E all know that the story of the church is not over. However, as far as the New Testament record of the activities of the church is concerned, this chapter wraps up the straight history presentation. Of course, much more information concerning the first century churches can be pieced together from the epistles that follow this. And, we know that the actual acts of the apostles did continue beyond this, but the book with this title closes with Paul's ministry in Rome. His final trial and his execution are not recorded here. However, it is claimed that Paul was beheaded while Nero was emperor in Rome.
In the last chapter we left off with Paul (as well as all the rest of the people on the same ship that he was on) surviving a shipwreck. In this chapter, we find that he & his "companions" were all treated very kindly by the inhabitants of the island onto which they washed ashore. This kindness was a product of God's grace. God also delivered him from a venomous. Even though Paul was in miserable circumstances, he was still full speed ahead in ministry for the Lord, healing Publius' father (vs. 8) & many others on the island (vs. 9).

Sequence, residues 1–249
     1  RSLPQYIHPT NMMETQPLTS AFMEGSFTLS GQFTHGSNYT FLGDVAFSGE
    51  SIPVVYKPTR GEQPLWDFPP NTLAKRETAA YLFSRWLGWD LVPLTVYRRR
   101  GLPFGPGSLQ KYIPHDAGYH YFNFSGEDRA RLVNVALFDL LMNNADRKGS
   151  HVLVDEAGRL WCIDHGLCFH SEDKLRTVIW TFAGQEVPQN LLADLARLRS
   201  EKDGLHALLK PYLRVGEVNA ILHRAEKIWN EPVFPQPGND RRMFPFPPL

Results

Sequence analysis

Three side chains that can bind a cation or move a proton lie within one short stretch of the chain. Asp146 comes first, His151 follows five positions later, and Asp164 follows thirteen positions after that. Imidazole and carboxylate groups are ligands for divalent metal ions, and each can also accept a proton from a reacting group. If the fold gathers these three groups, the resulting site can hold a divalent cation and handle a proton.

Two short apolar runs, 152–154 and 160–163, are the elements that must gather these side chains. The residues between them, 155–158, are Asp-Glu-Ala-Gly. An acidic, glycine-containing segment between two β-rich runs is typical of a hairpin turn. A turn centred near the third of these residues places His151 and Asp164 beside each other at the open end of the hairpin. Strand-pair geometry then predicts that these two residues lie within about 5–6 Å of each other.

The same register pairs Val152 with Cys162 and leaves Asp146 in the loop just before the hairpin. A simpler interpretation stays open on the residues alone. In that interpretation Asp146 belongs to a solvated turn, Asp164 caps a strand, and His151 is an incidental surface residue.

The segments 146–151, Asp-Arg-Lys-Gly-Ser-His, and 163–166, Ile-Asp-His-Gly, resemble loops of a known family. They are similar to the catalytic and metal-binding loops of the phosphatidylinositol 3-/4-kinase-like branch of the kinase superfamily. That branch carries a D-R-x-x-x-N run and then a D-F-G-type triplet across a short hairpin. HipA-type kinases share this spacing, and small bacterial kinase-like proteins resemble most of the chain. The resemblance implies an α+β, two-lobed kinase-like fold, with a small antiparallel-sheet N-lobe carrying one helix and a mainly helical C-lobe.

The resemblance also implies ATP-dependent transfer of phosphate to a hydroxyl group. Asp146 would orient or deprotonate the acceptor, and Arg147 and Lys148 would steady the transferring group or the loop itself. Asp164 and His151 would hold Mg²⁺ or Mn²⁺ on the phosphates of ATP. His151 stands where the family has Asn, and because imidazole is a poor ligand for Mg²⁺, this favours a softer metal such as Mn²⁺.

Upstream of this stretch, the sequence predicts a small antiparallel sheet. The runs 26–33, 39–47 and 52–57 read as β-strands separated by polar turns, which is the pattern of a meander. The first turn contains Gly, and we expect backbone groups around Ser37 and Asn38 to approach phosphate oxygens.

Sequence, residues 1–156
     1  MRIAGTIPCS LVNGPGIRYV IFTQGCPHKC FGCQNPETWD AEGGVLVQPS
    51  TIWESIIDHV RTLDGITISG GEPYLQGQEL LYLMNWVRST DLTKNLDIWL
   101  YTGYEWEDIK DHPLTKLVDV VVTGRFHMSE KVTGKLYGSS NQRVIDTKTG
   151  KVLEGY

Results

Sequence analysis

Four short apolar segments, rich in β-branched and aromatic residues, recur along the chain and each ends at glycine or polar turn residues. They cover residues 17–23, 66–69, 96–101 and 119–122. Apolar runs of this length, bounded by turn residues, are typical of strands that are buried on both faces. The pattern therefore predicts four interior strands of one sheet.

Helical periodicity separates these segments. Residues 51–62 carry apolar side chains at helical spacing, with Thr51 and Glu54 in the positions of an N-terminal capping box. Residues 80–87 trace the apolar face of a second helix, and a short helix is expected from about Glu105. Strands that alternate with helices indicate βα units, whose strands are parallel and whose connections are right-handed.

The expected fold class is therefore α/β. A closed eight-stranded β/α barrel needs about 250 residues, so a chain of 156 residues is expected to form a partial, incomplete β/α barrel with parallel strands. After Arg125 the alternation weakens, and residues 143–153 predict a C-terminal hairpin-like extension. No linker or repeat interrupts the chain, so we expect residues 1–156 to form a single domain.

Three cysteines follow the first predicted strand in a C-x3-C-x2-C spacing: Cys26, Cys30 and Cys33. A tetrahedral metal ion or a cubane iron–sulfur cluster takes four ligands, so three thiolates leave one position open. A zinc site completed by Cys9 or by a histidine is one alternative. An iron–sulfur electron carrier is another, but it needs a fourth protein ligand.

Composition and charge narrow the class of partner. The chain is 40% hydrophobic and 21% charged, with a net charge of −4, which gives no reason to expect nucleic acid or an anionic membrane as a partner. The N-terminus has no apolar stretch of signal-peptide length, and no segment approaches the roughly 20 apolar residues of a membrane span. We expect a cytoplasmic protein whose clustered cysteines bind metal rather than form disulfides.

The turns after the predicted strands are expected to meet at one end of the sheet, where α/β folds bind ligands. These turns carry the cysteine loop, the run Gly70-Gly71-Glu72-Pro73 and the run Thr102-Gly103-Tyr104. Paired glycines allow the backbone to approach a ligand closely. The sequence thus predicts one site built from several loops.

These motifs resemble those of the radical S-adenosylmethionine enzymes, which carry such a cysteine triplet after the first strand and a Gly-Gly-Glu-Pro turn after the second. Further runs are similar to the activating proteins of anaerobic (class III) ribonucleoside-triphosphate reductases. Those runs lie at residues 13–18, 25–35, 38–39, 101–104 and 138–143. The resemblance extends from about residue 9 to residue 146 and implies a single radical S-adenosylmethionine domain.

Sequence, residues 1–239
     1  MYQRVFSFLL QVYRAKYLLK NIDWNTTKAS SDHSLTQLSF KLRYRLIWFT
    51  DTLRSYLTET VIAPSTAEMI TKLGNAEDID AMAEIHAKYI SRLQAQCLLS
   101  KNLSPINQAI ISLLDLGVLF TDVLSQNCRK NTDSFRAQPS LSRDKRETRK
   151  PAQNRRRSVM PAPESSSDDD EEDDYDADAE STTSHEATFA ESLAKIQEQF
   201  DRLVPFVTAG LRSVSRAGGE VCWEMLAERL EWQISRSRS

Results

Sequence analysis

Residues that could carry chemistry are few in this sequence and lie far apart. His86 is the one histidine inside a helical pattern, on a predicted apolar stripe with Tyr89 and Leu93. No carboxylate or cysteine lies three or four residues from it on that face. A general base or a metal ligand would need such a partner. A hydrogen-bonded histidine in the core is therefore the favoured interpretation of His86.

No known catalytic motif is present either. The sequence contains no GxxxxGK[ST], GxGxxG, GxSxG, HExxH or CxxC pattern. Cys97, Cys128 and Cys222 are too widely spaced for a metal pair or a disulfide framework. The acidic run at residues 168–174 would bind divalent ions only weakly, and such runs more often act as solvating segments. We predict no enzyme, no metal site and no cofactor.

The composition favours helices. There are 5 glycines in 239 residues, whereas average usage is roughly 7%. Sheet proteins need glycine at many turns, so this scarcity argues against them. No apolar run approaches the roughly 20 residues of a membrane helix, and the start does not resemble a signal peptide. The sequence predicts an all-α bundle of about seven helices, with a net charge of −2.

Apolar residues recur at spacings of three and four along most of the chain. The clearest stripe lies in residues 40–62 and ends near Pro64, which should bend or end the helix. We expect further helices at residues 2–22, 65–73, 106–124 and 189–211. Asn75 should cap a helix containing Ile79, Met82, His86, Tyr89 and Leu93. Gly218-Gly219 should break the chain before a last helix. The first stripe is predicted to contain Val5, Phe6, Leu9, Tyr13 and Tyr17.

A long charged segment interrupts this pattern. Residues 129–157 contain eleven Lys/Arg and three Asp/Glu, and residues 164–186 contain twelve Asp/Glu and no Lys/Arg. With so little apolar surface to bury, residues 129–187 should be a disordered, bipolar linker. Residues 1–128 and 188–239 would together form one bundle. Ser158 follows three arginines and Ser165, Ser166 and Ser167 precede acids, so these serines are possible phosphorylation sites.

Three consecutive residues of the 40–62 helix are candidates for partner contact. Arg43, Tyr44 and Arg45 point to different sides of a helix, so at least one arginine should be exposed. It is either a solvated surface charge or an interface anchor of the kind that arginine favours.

In Rome, Paul's ministry focus would be gospel presentation and doctrinal teaching (vs. 23). Paul experienced considerable freedom in Rome. He was free to mingle with his Jewish brethren there. To them he faithfully presented the reality of the risen Christ. A portion of the Jews accepted this message, but some did not (vs. 24). Evidently, the Roman Jews considered Christianity to be merely a subdivision of Judaism. They had heard about it, but they counted on Paul to explain it to them (vs. 22).